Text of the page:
Quote:
Originally Posted by mdriftmeyer View Post

Painful.

Yes absolutly.

I was so looking forward to getting an iPhone.
But with these prices they cna ust forgeet it.

The prices for the plans are actually not so bad, but the prices for minutes and SMS after the included ones are used up are rediculous.
Also no carrying over of minutes, and the throtled EDGE is also really annoying.
Edge is already slow you odn't need ot make it slower!!!
post #8 of 41
Quote:
What sort of taxes do people pay on phone service in Europe? Do these prices include the taxes (if any?)

In the US we often pay taxes approaching 20% of the price of the plan. These include federal, state and local (city) taxes. In Chicago area of Illinois I am paying $71.11 for my $59 iPhone plan. (350 minutes, 200 SMS, unlimited data, but NO WiFi "hot-spot" services")

Every price in Germany usually means that all taxes are included. That's why you might see some German tourists counting their money in the supermarket and then whining that the prices of their vegetables were without taxes... in Germany, they would have been able to come to the correct amount (to the single cent) by simply adding the price tags. Maybe you will see something like this around you soon

Cheers.
post #9 of 41
Quote:
What sort of taxes do people pay on phone service in Europe? Do these prices include the taxes (if any?)

In the US we often pay taxes approaching 20% of the price of the plan. These include federal, state and local (city) taxes. In Chicago area of Illinois I am paying $71.11 for my $59 iPhone plan. (350 minutes, 200 SMS, unlimited data, but NO WiFi "hot-spot" services")

Really? I'm paying about 10%, but I don't live in a major metro area.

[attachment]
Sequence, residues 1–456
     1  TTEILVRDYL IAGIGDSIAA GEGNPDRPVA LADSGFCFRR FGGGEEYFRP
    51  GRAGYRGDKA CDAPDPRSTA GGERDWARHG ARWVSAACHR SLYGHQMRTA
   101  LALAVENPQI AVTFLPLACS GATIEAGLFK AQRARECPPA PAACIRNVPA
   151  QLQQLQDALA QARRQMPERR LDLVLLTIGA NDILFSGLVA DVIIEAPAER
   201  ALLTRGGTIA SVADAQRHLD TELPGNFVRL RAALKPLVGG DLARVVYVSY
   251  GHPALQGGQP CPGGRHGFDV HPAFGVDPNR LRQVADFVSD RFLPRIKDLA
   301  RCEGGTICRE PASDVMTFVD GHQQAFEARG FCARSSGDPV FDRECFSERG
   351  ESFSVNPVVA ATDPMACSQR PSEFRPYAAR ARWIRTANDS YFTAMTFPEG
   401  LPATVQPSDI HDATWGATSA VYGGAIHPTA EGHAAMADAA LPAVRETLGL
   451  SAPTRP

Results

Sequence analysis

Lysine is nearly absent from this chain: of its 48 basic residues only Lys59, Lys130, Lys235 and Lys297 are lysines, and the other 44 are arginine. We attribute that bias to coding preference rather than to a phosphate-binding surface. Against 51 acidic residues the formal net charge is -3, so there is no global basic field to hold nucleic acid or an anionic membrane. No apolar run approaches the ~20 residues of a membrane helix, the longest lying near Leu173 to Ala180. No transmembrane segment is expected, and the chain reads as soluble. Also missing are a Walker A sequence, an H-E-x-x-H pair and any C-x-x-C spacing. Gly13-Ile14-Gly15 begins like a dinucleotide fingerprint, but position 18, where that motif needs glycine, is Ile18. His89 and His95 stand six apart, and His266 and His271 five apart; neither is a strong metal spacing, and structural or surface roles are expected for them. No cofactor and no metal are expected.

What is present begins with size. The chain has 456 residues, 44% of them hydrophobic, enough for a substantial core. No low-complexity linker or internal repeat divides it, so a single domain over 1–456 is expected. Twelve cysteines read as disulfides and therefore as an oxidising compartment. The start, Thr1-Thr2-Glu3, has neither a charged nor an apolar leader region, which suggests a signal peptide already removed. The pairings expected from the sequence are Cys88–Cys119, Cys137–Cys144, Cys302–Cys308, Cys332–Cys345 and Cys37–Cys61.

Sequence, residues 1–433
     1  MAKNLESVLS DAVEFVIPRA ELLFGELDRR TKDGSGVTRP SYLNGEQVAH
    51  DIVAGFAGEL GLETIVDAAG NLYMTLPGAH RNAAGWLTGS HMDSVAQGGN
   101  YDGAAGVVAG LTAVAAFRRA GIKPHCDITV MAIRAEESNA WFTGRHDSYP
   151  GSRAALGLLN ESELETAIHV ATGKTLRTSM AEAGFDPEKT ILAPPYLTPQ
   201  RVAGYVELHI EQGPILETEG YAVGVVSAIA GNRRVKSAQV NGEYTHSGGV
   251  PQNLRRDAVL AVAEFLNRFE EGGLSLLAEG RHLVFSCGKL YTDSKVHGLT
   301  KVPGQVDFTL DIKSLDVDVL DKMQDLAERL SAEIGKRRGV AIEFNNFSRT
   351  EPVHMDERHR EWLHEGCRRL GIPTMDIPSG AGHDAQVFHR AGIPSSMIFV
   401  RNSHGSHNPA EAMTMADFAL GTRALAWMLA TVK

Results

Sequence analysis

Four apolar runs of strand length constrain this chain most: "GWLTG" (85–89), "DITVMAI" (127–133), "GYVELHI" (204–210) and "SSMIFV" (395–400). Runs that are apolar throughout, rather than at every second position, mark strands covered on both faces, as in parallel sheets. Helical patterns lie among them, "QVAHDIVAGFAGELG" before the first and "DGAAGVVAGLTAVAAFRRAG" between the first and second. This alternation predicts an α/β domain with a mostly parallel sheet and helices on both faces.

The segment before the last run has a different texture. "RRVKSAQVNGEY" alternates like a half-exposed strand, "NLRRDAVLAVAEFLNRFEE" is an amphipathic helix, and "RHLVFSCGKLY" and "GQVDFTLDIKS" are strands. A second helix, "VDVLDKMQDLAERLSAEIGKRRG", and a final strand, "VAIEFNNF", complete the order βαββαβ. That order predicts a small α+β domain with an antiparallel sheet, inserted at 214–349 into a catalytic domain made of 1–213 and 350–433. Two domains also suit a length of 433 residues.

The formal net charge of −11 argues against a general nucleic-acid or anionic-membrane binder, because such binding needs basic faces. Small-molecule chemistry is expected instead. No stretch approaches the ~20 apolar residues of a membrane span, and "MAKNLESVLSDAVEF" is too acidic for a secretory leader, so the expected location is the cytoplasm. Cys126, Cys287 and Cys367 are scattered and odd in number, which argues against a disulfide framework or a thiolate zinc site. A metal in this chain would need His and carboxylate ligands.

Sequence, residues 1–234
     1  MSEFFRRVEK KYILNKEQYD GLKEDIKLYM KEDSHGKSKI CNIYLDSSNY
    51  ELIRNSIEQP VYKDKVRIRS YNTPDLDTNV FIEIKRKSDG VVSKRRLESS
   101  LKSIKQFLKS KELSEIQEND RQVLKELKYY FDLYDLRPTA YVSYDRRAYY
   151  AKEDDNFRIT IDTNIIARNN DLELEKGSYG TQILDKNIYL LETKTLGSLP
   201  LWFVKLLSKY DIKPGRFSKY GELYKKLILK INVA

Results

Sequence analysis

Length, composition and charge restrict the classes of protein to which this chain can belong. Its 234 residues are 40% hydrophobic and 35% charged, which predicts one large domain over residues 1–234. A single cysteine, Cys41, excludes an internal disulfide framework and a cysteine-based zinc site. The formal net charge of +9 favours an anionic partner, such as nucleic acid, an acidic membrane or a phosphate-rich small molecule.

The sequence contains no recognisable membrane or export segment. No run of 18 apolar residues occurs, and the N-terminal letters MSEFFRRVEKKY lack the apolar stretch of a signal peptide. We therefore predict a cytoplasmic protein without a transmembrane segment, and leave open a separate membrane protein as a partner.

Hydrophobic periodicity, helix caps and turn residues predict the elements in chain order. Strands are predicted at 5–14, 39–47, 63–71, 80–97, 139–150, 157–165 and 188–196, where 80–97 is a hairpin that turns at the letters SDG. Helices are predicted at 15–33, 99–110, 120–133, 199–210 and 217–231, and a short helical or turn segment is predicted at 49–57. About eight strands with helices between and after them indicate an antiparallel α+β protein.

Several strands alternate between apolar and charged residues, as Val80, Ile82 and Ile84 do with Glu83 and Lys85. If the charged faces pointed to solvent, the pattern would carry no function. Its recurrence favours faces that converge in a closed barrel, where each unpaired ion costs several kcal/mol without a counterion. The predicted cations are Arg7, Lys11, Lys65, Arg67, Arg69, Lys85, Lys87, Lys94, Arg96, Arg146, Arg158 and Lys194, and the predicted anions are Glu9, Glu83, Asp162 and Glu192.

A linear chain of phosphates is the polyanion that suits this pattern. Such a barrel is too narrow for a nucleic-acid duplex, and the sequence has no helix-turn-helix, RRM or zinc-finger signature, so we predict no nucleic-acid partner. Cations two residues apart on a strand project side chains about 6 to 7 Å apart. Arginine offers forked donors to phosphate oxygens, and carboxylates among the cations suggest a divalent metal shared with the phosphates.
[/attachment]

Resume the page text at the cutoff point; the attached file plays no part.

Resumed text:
post #10 of 41
How difficult is Visual Voice to implement? It sounded like it was a lot of work of both Apple's end and Cingular's / ATT's end to make that come together. (At least that's the impression I got from the January keynote with Steve and Stan.) Apple just recently announced T-Mobile as a partner, and it's already Visual Voice ready?! I guess that's impressive.

And Visual Voice, I thought, is an ATT exclusive. How did T-Mobile get it (regardless of country of use)? I would think ATT would be pissed sharing intellectual property.
post #11 of 41
Hmmm.... I am waiting to hear from all our "we're-oh-so-advanced-and-inexpensive" European brethren to explain how T-Mobile can get away with these prices!

By comparison, I can say that I am getting a great deal from my $60 (= 41.67 euros) ATT iPhone plan: 200 SMS, 450 day+3000 wknd & nite mins, and unlimited data.

Can't wait to hear the entrails of the plans in France and the UK. I have no doubt there are a couple of more surprises waiting to happen!
post #12 of 41
Quote:
Originally Posted by gsteeno View Post

And Visual Voice, I thought, is an ATT exclusive. How did T-Mobile get it (regardless of country of use)? I would think ATT would be pissed sharing intellectual property.

If there's any proprietary technology associated with providing visual voicemail service, it's owned by Apple, not AT&T.
post #13 of 41
Quote:
Originally Posted by tonton View Post

If there's any proprietary technology associated with providing visual voicemail service, it's owned by Apple, not AT&T.

Hmmm....Maybe. But it was clear that V-Voice was a joint collaboration that could not have happened without both parties. I can't see Apple with the "back-end know-how" on the network side to completely own the entire intellectual piece. But, I can see Apple leveraging the iPhone's power with ATT and (strongly) negotiating to share that technology outside the US.

It's still boggles my mind that it was implemented in Deutschland so quickly.
post #14 of 41